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Old 11-17-2017, 12:14 PM   #21
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A couple of points.

1) This type of meter typically draws less that 1 amp, closer to .5 amp. If in fact it draws 1/2 an amp was left on for 48 hours (2 days) that would 24 amp hours drawn from the battery. Not a good idea if you're boondocking even with solar.

2) There's a couple of safety considerations when it come to trailer wire. One is the gauge, the other is the insulation. Automotive wire has insulation that resists abrasion and won't sustain fire (It's basically teflon).

One more 3) properly fused would be a fuse just slightly larger than the current drawn.
FYI A fuse is NOT considered adequate protection by URL if the fuse can be replaced by the user. The take away from this is to always be sure to have the correct size fuse.
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Old 11-17-2017, 12:20 PM   #22
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fuse

well the same fuse has been in our rig for 22 years no problems yet!

bob
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Old 11-17-2017, 12:51 PM   #23
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It is now off.
I put nuts on the two load wires.
I had the two wires going directly to the battery and attached directly on the posts that have wing nuts on them.

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Old 11-17-2017, 12:52 PM   #24
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Originally Posted by lisantica View Post
Is it okay to have a 24 hour meter attached to my 12 volt battery?
Should I install an on/off switch?
I want to keep track of my battery level and I came up with this arrangement. I don't know if I will keep it where it currently is.

Thoughts?
Attachment 113816
Attachment 113817
Attachment 113818

I fed the black and red wire here.
Attachment 113819

Here is a link to the meter, purchased from Amazon:
https://www.amazon.com/gp/product/B0...?ie=UTF8&psc=1
We just use a 12V meter that plugs into a 12V receptacle like a cigarette lighter that we can use for a 12V TV also. Safe, simple and no wiring since the receptacle was already there from the factory. It doesn't measure the exact voltage like 12.2 but it is good enough to know if the battery is going down. The meter is about 2X2 inches with the part that goes into the receptacle sticking out. Doesn't seem to run down the battery at all.
Available at all RV stores and probably Walmart in some places.
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Old 11-17-2017, 12:56 PM   #25
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That would be a good solution, but I don't have a 12 volt receptacle in my Scamp.
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Old 11-17-2017, 01:00 PM   #26
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Originally Posted by lisantica View Post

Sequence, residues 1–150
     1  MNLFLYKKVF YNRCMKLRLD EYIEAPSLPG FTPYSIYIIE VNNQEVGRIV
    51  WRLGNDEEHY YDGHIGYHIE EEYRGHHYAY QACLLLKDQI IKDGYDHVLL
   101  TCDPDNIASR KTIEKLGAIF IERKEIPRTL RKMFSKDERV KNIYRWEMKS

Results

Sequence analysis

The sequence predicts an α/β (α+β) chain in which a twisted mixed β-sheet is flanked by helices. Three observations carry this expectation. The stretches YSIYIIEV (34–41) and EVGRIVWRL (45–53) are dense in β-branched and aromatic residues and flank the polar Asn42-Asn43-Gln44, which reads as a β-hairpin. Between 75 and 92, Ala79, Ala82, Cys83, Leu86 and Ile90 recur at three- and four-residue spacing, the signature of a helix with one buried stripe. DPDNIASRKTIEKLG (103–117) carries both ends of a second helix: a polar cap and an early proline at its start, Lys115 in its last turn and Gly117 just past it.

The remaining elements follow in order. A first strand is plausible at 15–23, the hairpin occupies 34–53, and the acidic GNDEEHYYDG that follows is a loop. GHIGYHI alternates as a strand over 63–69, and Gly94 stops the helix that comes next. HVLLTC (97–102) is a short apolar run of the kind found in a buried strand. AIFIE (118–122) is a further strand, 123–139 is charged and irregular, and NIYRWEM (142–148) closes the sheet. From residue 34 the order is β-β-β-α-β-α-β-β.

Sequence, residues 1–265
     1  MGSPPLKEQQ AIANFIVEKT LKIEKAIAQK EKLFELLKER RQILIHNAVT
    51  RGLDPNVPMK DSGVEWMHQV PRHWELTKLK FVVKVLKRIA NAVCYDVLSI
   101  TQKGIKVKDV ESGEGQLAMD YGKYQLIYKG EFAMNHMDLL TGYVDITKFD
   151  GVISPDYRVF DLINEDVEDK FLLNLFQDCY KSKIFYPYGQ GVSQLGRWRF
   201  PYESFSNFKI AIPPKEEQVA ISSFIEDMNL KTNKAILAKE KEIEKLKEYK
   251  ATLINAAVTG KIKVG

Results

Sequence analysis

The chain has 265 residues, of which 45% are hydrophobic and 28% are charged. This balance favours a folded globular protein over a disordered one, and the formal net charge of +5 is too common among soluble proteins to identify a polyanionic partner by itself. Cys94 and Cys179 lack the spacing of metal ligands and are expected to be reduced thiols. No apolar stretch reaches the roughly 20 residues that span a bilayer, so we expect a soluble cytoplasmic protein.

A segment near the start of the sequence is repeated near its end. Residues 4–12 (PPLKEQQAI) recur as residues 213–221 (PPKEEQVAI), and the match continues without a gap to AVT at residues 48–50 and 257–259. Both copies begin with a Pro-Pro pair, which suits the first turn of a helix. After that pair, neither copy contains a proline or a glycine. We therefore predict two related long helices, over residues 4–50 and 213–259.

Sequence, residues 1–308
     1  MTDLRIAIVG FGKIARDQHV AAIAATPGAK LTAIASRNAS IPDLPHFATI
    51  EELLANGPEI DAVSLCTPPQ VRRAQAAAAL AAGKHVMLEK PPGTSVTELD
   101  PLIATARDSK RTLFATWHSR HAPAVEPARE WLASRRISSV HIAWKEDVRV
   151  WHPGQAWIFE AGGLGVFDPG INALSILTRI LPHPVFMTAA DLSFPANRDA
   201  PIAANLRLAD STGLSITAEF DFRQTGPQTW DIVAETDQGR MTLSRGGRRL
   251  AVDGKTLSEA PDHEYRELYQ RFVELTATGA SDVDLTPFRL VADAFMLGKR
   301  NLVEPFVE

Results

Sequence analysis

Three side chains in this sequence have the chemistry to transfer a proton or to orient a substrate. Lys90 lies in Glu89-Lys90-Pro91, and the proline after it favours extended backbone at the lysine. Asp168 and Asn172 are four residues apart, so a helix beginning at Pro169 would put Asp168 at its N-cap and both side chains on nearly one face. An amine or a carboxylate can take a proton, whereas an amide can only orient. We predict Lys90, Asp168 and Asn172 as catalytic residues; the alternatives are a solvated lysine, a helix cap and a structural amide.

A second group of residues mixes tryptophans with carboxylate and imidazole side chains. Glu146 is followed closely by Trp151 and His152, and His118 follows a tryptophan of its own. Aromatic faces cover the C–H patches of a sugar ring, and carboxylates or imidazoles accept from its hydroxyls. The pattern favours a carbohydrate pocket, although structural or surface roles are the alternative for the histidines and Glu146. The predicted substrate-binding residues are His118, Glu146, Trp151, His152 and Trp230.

That would be a good solution, but I don't have a 12 volt receptacle in my Scamp.
A 12V receptacle is real easy to put in. I did one for a stereo hook up and I don't know much about electric. I used one that surface mounts so that I didn't have to cut any holes. The 12V meter is about $12.
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Old 11-17-2017, 01:10 PM   #27
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Originally Posted by lisantica View Post
Agreed, just went out there and although it may not look bright in the photo, it makes a bright night light.
May I ask what kind of switch you used?
Thank you.
Attachment 113822
I like these little round rocker switches. on eBay at 5 for $5.00 and free shipping. Just drill a hole, attach the wires and the install is done. You can also choose switches with a indicator light, which is kinda useless in this case unless you want to find the switch in the dark. Amazon has them too.

BTW for folks buying a panel meter, I recommend a 4 digit meter (12.75 volts). Three digit meters are less informative.

John

BRAND NEW 12V ROUND ROCKER SWITCH

* 5 Pieces

* 3 Prong

* Diameter: 7/8"

* Depth: 1"

* 6A 250V

10A 125V
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Old 11-17-2017, 02:44 PM   #28
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Lisa,
I installed one of these in the side of the sink cabinet. Gives you a couple of USB chargers, a lighter plug and a voltage readout. Simple crimp wire connectors, and it goes in pretty easy, with nuts on the back of the three power outlets. Yes you would burn up the meter if it runs all the power through, but I think you will note on the paperwork, that it is simply monitoring, not taking the power through it. Putting a switch on it will not shut off all the power in the camper, just make sure the switch is on the feed to the meter, and it will be no different than turning off a light. You wouldn't run all the voltage through a single light, and you wouldn't turn all power off if you shut off the meter. You have only hooked up the meter part.